Not everyone is going to like this take on one of the Bard's greatest hits. Prospective audience members should take this brief quiz: could you stand a production in which the chink in the Wall (in the Mechanicals' "production" of the Pyramus and Thisbe story), through which Pyramus and Thisbe conspire, is so located that Pyramus has to talk to Thisbe by speaking into the Wall actor's crotch, while Thisbe replies into the Wall's behind?
Those answering "yes" will find many other juicy items to enjoy in this production, which airs out Shakespeare while stretching, but not violating, his play. (Perhaps the greatest liberty is in the degree of libido exhibited by the three Athenian women - instead of Hippolyta, Hermia, and Helena, they should be called Horny, Hornia, and Horniest!)
While many Off-Off-Broadway Shakespeare interpretations fall on hard soil because of the participants' lack of ability to render them, the Third Eye Rep. showed a solidity of ensemble backed by technical talent and overseen by a clear directorial eye. There was more than enough served here that a few extravagant - even overripe - dishes didn't spoil the feast.
The Athenians comprised a sophisticated suite of glitterati, in modern dress. The aforesaid three Hs (Meredith Charles as the sometimes vampish, unrequited Helena; Bianca Edmonds as the regal Hippolyta - and also Titania; and Alexa Polmer as the independent Hermia, whose determination to marry the man she loves starts the play) were a good match for their three men (Shawn Roesa as Hermia's "respectable" suitor, Demetrius; Andrew Mendelson as an almost flaky Theseus and sometimes sinister Oberon; and Jeff Hicks as a cute and charming Lysander, Hermia's true love). Donald Pace was appropriately stern as Hermia's father, Egeus.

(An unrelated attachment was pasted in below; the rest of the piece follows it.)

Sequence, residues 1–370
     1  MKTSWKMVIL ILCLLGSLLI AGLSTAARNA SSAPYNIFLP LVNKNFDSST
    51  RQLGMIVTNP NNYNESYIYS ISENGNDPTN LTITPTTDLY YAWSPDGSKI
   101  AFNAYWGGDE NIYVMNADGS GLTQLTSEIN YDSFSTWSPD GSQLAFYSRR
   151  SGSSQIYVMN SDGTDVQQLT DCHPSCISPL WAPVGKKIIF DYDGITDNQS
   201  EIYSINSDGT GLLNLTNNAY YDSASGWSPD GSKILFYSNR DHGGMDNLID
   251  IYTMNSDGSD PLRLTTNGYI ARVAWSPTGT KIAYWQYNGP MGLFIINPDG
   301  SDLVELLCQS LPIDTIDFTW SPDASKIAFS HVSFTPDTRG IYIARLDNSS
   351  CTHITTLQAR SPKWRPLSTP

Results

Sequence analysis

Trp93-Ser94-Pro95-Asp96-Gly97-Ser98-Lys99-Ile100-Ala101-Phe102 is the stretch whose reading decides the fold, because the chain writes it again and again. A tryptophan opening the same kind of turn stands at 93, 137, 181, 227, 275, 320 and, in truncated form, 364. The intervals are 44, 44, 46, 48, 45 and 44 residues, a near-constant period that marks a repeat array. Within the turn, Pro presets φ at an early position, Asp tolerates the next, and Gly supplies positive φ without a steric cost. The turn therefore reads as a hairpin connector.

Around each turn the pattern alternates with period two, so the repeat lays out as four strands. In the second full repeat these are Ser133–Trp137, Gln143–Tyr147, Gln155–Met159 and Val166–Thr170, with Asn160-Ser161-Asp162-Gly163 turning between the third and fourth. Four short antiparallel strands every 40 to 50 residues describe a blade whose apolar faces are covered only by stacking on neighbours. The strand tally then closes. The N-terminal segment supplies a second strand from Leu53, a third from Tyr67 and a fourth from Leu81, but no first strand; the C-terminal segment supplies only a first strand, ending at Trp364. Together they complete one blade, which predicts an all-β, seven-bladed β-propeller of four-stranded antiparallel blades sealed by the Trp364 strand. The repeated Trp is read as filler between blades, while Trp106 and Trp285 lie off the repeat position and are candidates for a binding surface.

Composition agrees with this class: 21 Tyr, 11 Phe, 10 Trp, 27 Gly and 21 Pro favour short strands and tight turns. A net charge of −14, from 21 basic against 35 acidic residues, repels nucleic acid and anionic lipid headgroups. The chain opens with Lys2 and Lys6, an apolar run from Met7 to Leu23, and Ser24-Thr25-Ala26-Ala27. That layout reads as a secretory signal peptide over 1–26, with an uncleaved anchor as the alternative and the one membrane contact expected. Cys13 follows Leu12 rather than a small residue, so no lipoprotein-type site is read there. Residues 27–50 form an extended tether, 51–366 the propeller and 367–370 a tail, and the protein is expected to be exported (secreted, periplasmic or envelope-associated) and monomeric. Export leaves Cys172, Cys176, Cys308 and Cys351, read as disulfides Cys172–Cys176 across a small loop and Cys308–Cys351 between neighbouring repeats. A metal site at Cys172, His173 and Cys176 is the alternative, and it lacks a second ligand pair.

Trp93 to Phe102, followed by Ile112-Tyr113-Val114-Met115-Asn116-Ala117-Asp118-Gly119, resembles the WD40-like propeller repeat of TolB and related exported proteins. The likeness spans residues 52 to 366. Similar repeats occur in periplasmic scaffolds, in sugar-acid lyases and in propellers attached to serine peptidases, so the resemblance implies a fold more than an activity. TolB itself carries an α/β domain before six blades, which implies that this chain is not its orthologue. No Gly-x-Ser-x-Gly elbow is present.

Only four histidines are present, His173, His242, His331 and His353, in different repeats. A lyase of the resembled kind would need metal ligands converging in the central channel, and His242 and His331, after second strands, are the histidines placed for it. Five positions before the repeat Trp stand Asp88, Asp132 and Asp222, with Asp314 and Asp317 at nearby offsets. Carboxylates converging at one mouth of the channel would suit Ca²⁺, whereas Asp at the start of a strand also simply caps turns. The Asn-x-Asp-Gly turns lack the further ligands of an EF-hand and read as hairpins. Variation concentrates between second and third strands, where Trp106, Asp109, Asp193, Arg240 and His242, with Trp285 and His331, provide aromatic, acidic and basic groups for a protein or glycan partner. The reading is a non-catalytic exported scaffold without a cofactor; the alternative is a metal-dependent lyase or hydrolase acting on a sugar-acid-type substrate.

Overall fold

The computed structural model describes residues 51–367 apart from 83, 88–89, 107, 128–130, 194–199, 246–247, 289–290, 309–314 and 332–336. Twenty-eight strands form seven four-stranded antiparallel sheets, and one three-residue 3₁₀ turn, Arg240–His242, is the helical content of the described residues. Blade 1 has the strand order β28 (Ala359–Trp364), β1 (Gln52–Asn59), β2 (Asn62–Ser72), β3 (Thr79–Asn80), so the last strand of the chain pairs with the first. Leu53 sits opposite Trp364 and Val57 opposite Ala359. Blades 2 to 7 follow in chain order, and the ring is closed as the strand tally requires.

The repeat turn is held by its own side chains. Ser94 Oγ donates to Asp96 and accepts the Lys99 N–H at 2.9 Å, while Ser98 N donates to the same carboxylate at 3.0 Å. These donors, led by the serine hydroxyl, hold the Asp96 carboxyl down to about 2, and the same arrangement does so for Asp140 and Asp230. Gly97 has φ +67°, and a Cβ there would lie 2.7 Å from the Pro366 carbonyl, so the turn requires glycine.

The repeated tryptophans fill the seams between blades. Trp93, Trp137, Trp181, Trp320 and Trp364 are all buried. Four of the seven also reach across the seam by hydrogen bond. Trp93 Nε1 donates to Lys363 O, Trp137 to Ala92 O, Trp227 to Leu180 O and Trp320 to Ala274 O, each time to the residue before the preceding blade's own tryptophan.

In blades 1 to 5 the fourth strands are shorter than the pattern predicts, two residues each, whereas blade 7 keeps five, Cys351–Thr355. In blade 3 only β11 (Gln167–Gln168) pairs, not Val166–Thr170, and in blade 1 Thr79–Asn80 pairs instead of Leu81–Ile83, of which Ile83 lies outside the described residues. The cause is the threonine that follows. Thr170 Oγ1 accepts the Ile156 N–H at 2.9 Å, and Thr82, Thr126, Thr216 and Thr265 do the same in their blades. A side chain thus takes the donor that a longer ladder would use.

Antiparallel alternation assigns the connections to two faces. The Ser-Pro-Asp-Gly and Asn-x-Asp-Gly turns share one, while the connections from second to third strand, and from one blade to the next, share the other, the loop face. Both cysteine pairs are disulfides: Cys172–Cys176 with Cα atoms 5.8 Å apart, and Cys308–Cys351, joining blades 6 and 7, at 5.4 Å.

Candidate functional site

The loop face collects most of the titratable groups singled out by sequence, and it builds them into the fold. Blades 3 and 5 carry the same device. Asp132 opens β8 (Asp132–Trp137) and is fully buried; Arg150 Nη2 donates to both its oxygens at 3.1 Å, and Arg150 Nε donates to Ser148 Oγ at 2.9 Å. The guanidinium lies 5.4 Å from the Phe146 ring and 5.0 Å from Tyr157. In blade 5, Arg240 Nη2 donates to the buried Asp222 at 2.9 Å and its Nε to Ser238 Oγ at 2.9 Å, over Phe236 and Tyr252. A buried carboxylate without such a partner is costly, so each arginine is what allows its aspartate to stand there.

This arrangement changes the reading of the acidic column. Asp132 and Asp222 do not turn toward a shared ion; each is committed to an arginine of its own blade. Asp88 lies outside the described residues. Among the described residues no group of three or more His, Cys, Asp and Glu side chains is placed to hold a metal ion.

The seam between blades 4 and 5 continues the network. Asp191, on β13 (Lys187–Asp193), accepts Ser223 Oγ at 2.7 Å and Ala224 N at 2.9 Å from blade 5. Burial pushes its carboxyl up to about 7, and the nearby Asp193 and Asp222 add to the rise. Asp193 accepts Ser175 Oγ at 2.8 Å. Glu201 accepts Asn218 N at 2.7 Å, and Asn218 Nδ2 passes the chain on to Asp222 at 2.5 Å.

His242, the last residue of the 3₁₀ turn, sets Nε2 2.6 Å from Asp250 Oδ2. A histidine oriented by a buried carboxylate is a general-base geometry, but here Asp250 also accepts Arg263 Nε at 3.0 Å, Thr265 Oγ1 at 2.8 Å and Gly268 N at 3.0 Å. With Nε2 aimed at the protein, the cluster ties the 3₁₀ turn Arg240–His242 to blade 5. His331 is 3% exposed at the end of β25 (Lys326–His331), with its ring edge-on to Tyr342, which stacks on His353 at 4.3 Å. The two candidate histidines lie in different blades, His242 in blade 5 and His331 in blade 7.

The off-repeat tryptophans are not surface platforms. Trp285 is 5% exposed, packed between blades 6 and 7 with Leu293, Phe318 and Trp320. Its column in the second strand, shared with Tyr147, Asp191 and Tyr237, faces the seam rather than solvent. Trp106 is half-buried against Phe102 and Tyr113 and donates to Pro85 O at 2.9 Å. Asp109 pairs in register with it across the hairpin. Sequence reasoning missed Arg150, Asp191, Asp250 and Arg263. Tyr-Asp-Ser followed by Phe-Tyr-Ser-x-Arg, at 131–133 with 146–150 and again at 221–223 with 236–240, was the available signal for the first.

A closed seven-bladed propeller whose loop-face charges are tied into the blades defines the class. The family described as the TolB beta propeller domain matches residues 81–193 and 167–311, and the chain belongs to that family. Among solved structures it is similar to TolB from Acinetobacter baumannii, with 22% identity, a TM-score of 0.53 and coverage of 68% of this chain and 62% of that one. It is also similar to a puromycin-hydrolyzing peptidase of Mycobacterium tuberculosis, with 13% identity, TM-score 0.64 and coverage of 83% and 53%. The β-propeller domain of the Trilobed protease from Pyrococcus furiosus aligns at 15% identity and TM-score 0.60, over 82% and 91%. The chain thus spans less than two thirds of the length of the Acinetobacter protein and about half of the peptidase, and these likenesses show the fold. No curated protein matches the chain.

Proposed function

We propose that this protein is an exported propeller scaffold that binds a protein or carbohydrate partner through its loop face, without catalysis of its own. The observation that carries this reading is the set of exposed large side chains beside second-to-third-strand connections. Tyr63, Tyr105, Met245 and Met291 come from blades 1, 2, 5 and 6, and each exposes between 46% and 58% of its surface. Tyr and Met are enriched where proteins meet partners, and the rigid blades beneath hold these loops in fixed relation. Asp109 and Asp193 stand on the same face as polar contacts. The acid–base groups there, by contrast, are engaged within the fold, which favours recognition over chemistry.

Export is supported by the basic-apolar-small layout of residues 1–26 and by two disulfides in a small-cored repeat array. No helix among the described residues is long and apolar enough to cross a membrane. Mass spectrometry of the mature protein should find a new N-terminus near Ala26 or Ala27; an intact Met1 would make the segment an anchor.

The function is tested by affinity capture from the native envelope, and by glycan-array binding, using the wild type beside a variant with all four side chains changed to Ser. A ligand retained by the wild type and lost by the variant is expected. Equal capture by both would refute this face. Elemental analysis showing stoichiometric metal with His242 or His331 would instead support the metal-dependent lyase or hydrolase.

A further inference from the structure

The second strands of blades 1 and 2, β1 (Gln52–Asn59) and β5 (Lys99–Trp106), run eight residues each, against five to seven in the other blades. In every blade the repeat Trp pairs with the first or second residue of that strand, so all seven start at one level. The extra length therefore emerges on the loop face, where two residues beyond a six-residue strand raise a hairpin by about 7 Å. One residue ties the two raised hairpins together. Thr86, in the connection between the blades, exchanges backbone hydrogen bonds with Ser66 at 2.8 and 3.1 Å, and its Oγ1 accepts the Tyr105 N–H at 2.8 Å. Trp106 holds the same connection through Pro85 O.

The Mechanicals (sometimes doubling as Titania's staff of fairies), wore red Times Square Business Improvement District jumpsuits, and were appropriately vain or dim, in one incarnation and wore rags and were appropriately impish in the other. Carlos Antonio was Quince, earnestly holding his little band together, and Mustardseed; Kurt Elftmann played a delightfully hammy Bottom and Pyramus; Maryanne Murray was an enthusiastic Starveling, Moonshine, and Cobweb; Joshua Polenberg was a dim Snout, Wall, and Moth; and Benjamin Schulson was Flute, a hilarious Thisby, and Peaseblossom. Not to forget Ian Young, as a deliberately forgettable Snug and an amusing, if confused, Lion.
Travis Shakespeare provided a memorable Puck, by turns puckish and out of the Exorcist. His measure as an actor can be taken by comparison with his role as courtier Philostrate, as blandly sophisticated as any Kennedy hanger-on.
The non-living elements of the production - found instruments made from kitchen implements or plastic tubes; a remarkably flexible and complex lighting plot (Herrick Goldman); a set largely comprising a huge tree stump, with audience on two facing sides (Gary Wichansky); the aforesaid costumes (Meredith Charles) - did justice to the imagination and energy of this disciplined troupe.
Copyright 1997 John Chatterton